The team claimed that the mummy they examined was damaged in a way suggesting the body had been deliberately desecrated in antiquity. Mummification techniques, such as the use of embalming fluid and the presence of an intact brain, suggested an eighteenth-dynasty royal mummy. Other elements which the team used to support their theory were the age of the body, the presence of embedded nefer beads, and a wig of a rare style worn by Nefertiti. They further claimed that the mummy's arm was originally bent in the position reserved for pharaohs, but was later snapped off and replaced with another arm in a normal position.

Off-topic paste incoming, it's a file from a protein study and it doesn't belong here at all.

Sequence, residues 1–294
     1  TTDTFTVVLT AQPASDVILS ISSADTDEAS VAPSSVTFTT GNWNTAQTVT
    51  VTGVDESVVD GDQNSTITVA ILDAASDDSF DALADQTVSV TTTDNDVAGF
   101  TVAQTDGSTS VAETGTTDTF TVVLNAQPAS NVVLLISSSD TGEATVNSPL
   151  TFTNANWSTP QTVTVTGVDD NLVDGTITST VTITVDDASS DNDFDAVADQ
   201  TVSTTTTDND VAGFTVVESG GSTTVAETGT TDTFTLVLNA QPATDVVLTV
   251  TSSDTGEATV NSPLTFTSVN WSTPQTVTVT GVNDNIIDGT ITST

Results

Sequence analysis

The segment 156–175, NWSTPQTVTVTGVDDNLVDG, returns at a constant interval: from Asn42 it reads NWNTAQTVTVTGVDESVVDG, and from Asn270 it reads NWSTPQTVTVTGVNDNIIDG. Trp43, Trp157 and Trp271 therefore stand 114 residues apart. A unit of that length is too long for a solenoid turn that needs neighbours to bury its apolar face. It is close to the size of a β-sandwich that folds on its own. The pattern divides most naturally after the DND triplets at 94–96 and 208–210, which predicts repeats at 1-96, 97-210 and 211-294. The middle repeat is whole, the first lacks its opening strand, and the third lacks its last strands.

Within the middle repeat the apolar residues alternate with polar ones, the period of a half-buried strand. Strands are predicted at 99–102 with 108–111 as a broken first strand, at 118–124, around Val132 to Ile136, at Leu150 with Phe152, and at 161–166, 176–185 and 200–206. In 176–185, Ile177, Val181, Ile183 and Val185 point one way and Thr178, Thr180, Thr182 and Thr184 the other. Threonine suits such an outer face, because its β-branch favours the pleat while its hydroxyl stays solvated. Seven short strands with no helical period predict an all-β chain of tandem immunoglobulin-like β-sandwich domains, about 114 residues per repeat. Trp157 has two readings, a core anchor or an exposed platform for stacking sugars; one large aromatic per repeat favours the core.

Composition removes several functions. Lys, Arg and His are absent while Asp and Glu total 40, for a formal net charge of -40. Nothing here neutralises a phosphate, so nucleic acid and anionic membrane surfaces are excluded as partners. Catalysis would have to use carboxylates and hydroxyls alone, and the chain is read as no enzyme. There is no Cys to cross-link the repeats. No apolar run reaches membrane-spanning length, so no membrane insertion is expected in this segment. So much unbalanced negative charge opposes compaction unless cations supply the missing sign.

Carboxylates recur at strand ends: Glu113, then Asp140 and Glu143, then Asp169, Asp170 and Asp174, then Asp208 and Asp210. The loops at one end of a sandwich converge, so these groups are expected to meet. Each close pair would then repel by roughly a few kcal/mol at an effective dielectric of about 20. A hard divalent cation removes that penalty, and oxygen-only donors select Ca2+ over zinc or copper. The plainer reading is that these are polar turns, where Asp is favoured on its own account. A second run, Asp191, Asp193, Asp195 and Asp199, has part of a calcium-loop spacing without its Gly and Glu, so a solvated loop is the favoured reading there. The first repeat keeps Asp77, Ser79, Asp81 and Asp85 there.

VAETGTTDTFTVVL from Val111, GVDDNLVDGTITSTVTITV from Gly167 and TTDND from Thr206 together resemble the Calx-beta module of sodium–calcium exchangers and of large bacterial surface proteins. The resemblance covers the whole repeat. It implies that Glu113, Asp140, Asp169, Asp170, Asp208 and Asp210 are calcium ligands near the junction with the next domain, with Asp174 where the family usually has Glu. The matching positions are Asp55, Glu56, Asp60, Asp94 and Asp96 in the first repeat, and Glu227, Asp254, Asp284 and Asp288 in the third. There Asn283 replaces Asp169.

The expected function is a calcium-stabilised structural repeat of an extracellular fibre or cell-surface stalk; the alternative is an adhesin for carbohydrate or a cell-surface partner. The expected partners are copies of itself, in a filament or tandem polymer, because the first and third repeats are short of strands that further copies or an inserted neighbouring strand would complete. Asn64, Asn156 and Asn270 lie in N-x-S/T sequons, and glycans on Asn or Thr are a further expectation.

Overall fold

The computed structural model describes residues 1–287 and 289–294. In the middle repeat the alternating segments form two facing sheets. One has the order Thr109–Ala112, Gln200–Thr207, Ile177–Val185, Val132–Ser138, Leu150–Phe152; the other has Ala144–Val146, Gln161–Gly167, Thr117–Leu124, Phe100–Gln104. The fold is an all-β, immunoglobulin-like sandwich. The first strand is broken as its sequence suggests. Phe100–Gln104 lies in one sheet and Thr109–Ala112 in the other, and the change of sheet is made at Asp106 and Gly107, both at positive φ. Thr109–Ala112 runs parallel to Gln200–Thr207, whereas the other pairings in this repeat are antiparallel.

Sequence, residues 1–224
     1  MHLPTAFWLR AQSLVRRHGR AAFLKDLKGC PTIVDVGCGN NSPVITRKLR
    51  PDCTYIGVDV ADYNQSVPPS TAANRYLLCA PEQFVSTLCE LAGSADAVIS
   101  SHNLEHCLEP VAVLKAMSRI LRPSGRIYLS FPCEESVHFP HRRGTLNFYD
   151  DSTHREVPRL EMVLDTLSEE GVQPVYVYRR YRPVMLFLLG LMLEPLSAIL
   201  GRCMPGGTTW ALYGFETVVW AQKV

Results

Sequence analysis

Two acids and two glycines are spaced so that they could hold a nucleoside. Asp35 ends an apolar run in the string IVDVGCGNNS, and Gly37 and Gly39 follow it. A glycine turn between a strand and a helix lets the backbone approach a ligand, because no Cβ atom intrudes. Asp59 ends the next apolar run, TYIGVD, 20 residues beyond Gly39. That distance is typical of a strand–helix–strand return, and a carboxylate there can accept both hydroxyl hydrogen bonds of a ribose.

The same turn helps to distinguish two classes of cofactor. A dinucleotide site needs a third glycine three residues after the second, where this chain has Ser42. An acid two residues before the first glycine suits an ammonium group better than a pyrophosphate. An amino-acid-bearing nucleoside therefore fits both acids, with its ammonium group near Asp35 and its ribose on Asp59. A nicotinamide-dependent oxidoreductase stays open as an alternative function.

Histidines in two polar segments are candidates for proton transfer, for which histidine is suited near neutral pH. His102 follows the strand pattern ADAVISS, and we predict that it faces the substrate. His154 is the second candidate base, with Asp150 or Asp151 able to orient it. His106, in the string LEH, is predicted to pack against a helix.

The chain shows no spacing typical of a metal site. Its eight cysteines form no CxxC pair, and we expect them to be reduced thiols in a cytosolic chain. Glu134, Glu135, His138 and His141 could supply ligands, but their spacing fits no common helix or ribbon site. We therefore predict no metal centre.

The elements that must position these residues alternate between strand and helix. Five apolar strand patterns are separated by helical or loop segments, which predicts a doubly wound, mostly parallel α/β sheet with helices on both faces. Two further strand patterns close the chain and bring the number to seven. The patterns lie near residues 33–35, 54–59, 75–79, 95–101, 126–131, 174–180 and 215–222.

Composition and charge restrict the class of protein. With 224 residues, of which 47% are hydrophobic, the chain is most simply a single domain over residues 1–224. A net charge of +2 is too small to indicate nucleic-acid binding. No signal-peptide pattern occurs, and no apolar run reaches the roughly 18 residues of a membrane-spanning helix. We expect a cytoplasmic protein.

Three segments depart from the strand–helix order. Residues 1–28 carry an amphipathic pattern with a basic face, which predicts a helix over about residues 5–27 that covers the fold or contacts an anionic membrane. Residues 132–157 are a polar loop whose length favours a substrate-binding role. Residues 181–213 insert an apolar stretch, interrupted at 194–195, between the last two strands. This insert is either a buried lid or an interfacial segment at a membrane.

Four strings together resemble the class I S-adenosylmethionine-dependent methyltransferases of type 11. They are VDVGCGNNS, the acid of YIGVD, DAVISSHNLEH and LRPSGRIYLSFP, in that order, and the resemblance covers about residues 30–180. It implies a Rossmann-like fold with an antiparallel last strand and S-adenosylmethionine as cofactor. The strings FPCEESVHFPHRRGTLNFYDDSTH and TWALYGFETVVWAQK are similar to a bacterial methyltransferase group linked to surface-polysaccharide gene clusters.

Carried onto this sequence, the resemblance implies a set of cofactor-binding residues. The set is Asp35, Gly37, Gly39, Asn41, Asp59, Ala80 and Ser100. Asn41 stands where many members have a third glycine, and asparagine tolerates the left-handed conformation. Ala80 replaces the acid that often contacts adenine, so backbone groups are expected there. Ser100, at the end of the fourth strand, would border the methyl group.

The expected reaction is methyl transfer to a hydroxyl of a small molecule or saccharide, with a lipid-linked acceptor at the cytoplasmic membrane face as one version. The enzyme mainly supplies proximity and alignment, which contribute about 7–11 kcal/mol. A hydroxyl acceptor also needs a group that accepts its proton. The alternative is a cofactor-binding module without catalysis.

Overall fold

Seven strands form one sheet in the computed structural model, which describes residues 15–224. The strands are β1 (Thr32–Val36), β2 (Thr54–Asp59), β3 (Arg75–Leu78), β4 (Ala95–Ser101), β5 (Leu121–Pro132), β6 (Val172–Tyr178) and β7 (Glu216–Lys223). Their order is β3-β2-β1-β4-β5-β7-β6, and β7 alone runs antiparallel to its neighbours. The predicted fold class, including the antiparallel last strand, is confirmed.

Most Egyptologists, among them Kent Weeks and Peter Locavara, generally dismiss Fletcher's claims as unsubstantiated. They say that ancient mummies are almost impossible to identify as a particular person without DNA. As bodies of Nefertiti's parents or children have never been identified, her conclusive identification is impossible. Any circumstantial evidence, such as hairstyle and arm position, is not reliable enough to pinpoint a single, specific historical person. The cause of damage to the mummy can only be speculated upon, and the alleged revenge is an unsubstantiated theory. Bent arms, contrary to Fletcher's claims, were not reserved to pharaohs; this was also used for other members of the royal family. The wig found near the mummy is of unknown origin, and cannot be conclusively linked to that specific body. Finally, the 18th dynasty was one of the largest and most prosperous dynasties of ancient Egypt. A female royal mummy could be any of a hundred royal wives or daughters from the 18th dynasty's more than 200 years on the throne.